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By: Charlene Sell

While written employment agreements have been required since the Employment Relations Act 2000 came into force, not all employers have complied with this obligation.  In an effort to ensure greater compliance significant penalties can now be imposed on employers who do not have employment agreements with their employees.
We discuss below the requirements for employment agreements that apply from 1 July 2011.  These rules apply to all current employees and any new employees employed after 1 July 2011.  It is important to note that these rules apply to all employees and therefore cover casual, fixed term and permanent employees.

If you do not currently have written employment agreements with your employees please contact a member of our Employment Law team.  We can prepare employment agreements for you which comply with all legal requirements and can be tailored to your business.

Retention of Employment Agreements
It is important employees sign employment agreements before they begin work.  Therefore, the employer should ensure the employee receives a copy of the intended agreement a reasonable time before they begin work so the employee can review the terms and seek legal advice if they wish to. 

Employers must retain a signed copy of each employment agreement with their employees.  Employers should keep a copy of an employee's employment agreement on that employee's personal file.

The requirement to retain copies of employment agreements will also apply to any variations to those agreements.
Employers must also retain copies of intended agreements provided to  employees even if the employee has not signed the agreement or agreed to its terms.
Employee's right to request a copy
If requested by an employee, an employer must provide the employee with a copy of their signed employment agreement or the intended agreement. 
What must be included in an employment contract?
Various pieces of employment legislation set out the minimum requirements of an employment agreement.
As a minimum, an employment agreement must provide:

  1. The names of the employer and employee;
  2. A description of the work to be performed by the employee;
  3. An indication of where the employee is to perform the work;
  4. An indication of the arrangements relating to the times the employee is to work;
  5. The wages or salary payable to the employee;
  6. An employee's entitlement to be paid time and a half for working on a public holiday;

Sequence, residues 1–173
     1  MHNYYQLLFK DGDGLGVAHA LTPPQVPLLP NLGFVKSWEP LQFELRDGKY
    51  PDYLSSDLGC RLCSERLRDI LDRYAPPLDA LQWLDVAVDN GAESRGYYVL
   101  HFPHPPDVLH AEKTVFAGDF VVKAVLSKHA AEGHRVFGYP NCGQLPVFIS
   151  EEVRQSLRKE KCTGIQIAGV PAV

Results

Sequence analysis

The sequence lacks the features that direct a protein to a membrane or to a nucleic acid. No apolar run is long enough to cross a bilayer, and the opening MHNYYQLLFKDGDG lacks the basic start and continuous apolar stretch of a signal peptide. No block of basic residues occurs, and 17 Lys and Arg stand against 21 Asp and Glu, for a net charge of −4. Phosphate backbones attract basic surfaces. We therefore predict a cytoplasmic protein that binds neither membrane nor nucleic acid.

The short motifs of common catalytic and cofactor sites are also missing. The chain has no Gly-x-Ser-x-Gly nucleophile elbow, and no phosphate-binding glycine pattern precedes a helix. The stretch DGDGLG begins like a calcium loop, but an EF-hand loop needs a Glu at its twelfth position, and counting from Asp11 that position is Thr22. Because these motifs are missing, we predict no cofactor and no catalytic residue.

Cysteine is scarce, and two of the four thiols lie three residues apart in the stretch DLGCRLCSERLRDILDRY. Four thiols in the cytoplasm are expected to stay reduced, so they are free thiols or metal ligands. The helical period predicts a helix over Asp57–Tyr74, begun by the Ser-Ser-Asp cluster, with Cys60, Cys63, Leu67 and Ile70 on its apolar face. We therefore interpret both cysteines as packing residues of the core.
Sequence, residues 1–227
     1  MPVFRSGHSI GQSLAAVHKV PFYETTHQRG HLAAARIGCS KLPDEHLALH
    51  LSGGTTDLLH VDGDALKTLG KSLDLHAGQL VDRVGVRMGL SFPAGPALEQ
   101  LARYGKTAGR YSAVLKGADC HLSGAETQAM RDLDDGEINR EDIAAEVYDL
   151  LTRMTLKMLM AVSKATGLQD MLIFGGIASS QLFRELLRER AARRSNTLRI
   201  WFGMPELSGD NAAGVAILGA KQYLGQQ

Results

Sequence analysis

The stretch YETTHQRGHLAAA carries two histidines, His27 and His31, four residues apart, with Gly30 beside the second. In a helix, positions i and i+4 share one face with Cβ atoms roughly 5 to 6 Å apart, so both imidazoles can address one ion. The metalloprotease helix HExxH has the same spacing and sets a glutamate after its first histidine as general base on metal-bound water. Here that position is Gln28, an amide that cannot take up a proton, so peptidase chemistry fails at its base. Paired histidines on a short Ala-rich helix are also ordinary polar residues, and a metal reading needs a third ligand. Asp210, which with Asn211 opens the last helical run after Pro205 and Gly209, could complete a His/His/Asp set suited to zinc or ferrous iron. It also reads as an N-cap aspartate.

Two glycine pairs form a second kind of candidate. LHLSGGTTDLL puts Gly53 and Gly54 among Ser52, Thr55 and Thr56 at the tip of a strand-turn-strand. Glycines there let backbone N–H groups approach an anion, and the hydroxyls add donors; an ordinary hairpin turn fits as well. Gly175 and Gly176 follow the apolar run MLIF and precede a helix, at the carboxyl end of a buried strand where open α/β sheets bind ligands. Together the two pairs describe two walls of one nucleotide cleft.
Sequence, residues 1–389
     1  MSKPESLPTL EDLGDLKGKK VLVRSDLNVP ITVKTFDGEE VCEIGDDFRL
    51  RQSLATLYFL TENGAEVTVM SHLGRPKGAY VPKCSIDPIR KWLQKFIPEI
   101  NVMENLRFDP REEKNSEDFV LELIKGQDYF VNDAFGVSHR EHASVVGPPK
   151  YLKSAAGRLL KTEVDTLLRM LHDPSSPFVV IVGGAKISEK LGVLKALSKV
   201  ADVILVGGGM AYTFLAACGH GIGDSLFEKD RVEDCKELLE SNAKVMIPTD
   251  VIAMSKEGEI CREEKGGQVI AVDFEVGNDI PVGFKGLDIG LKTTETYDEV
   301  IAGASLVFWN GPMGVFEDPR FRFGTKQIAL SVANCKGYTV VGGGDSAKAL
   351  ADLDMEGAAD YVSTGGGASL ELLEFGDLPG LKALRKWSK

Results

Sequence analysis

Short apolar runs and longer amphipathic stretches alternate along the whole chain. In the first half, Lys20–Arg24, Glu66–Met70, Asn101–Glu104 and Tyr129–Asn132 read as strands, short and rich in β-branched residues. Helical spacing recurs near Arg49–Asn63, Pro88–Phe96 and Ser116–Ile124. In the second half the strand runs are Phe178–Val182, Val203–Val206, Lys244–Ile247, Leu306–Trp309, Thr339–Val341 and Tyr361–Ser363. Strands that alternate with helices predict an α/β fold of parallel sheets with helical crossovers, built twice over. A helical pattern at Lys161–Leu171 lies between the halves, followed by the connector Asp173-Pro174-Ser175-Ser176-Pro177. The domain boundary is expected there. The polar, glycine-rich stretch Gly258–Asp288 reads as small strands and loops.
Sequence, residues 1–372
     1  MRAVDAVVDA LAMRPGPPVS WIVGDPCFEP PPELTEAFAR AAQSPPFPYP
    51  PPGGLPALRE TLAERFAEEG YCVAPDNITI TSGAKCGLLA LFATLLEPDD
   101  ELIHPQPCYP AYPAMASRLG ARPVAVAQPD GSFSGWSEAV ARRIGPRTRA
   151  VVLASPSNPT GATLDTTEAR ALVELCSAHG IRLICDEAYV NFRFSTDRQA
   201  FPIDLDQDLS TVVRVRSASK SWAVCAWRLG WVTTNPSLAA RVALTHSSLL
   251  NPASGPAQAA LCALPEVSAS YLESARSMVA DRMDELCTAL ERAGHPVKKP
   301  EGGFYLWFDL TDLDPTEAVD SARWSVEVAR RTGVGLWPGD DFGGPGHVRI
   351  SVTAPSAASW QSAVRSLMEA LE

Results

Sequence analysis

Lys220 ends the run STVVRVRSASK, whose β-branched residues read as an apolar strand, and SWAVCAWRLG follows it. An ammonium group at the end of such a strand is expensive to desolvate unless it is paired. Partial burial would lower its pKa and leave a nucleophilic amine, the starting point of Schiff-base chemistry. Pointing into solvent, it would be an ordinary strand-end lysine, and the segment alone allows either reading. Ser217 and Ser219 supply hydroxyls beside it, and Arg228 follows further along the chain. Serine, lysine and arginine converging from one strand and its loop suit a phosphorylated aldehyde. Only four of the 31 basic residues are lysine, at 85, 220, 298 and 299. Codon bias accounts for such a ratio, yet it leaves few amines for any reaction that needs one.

7. That an employee is required to work on a public holiday if the employer wishes the employee to work on a public holiday;
  8. An employment protection provision setting out an employee's rights during a restructuring.  This must cover the process the employer must follow when negotiating with a new employer, the matters relating to the affected employee's employment that the employer will negotiate with the new employer, and the process to be followed at the time of the restructuring to determine what entitlements are available for employees who do not transfer to the new employer;
  9. A plain language explanation of the services available for the resolution of employment relationship problems, including a reference to the 90 day period within which personal grievances must be raised.
It is also important to note that if you wish to rely on the provisions of the Employment Relations Act 2000 relating to 90 day trial periods, you must include a 90 day trial period clause in your employment agreements and these must be signed by new employees before they begin work.

There are also a number of other provisions we recommend are included in employment agreements to make it clear what the employer and employee's rights and obligations are.

What if the employee has not signed the employment contract?
The Employment Relations Act 2000 now makes it clear that an intended agreement must not be treated as the employee's employment agreement if the employee has not signed the agreement or agreed to any of its terms.
Therefore, it is crucial you ensure your new employees sign their employment agreement before they begin work. 
If employers breach these requirements and proceedings are brought by a Labour Inspector, employers could be liable for penalties of up to $10,000 for individuals and $20,000 for companies.  However, before a Labour Inspector can bring an action against an employer they must give the employer notice of the breach and seven working days to fix the breach. 

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